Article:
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Missouri permits anyone to obtain medical marijuana cards

Dec 4


With just a few moments and a little over $100, you could be eligible to participate in Missouri's medical marijuana program. One clinic near St. Louis offered a discounted rate for St. Patrick's Day. Are you afraid to step out of your home? You can make an appointment online No medical record is required.


The new Missouri program is being carefully scrutinized, not just by lawmakers. Physicians are concerned about holes in the system such as telemedicine, and the lack of control regarding certifying patients for marijuana use.

"If this is how we'll screen individuals and allow them to get their card, let's take the easy route and get straight to recreational, and let everybody get it," said Dr. George Edwards, who certifies patients with Independence.


In the 33 states that have legalized medical marijuana, There are a variety of ways to ensure the oversight. Although the director of how to apply for a medical marijuana card in the Missouri program said he began receiving inquiries from doctors regarding all of this in the autumn, the state did not create rules that allowed the agency to conduct an investigation into doctors and suspend their ability to issue a certificate until February.


This creates an opportunity for deception.'


A medical marijuana card is held by more than 41,000 Missouri residents. Amendment 2 which legalized marijuana for medical uses, outlined the requirements but left the process for certification to the newly formed Section for Medical Marijuana Regulation.


Patients must have a doctor who has a current Missouri license to sign a certification form to be eligible for a certificate. The form asks doctors to identify the qualifying illness which could be epilepsy, cancer, and PTSD as well as "any other debilitating, chronic, or other medical condition" which they are required to mention.


The physician also has to review the patient's medical records and medical history, according to the state's certification form.


Dr. Lisa Roark owns and runs Roark Family Health and Medical Spa in Cassville, in the state's southwest corner. Because she has seen difficulties in reviewing paperwork, she only needs a patient's health details. There were times when patients had difficulty getting these documents.


She says she doesn't have to read the papers in the case of a minor.


Roark stated, "If a parent asks me to review their records I will gladly do it, but they don't have to be able to prove that they have done so." "All I have to do is to obtain a complete medical background."


Roark explains that taking a full medical history should include questions about their medications, allergies, surgeries, medical conditions, how long they have been hospitalized, the medications they are currently taking, and any other indications.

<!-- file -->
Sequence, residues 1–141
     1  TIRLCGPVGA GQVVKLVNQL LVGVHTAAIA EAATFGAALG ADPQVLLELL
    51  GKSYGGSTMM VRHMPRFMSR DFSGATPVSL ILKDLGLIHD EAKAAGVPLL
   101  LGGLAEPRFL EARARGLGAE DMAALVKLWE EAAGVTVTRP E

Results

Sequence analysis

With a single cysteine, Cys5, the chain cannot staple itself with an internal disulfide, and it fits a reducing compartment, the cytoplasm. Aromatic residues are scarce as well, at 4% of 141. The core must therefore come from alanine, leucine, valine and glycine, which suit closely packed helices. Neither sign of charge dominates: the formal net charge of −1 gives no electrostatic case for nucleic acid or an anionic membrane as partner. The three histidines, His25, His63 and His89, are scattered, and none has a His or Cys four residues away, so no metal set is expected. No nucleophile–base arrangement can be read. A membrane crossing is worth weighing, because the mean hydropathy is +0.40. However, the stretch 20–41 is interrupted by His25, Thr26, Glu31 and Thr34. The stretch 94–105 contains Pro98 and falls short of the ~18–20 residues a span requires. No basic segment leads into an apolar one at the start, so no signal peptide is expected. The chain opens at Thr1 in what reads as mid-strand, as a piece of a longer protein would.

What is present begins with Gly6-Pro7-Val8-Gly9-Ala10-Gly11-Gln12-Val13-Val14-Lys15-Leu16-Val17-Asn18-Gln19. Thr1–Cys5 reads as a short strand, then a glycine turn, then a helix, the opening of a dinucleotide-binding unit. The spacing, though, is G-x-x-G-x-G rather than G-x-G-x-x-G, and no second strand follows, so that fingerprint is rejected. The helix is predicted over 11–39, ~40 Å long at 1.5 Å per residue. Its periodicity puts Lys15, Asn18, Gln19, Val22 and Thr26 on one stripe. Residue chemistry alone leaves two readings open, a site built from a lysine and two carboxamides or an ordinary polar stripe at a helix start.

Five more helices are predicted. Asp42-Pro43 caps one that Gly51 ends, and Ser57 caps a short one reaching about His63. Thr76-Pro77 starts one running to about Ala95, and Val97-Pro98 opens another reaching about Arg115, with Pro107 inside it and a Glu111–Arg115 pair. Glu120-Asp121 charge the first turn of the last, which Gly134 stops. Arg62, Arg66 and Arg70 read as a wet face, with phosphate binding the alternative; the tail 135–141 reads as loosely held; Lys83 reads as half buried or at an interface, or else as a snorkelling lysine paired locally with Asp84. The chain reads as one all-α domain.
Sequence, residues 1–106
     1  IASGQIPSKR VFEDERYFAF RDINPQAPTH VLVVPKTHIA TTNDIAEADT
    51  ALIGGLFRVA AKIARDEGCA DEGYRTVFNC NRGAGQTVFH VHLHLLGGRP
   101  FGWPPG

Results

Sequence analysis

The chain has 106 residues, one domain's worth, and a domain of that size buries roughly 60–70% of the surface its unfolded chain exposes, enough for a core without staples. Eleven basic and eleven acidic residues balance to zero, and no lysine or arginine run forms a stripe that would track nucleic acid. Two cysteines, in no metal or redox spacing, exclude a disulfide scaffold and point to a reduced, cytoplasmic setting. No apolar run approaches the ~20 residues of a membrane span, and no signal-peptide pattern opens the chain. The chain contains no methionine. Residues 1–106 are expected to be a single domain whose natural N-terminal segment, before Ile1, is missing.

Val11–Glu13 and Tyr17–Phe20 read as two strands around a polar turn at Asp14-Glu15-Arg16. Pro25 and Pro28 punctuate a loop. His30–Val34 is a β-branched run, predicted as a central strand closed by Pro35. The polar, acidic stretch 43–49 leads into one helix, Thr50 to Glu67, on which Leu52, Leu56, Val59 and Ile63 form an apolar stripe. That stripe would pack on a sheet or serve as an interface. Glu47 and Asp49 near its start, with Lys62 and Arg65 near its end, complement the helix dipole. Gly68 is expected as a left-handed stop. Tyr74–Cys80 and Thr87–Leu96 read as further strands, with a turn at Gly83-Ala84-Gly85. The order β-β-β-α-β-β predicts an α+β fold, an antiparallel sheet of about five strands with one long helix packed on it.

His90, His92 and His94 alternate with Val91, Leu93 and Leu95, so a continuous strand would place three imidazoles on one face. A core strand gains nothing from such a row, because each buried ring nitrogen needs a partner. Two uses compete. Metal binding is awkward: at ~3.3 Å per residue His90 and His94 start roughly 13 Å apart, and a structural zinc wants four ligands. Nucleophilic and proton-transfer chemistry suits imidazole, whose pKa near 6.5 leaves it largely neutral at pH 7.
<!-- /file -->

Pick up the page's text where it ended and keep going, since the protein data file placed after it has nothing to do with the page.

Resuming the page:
Roark says she's not bothered over the fact that her process of certification allows for recreational use.


Roark stated, "I do not believe that there is any such thing as recreational cannabis use." "I believe that everybody who takes cannabis uses it in order to cure medical conditions." And it could be that they have anxiety and use it to relax, or have difficulty sleeping and are using cannabis to get a better night's sleep."


Jon Patterson, Lee's Summit Republican State Representative, has stated that if this is to become a medical marijuana program the procedure should be conducted in a manner that is in line with the way that medicine is applied. "Observing the patient's background, physical exam as well as the paperwork and execution are all crucial. Instead of talking to someone on the phone, complete a survey over the phone and then send them an email certificate when they pay the price."


The future of telemedicine


Telemedicine is a method of treatment that, according to the state's website, can be used in the event that "quality of care does not require in-person interactions," is one of the major complaints received by doctors.


After discussing the issue with the Missouri Board of Registration for the Healing Arts, which oversees the medical licenses of physicians The state decided that telemedicine is acceptable. "Our claim is that if the telehealth service was sufficient or suitable for assessment in any other area that it is sufficient or adequate to conduct an exam using medical marijuana," Fraker says.


A doctor has to be able to prove that they have "met with and examined the qualifying patient," according to the certification form. The state has no record of whether the certificate was done in person or through the internet via telemedicine.

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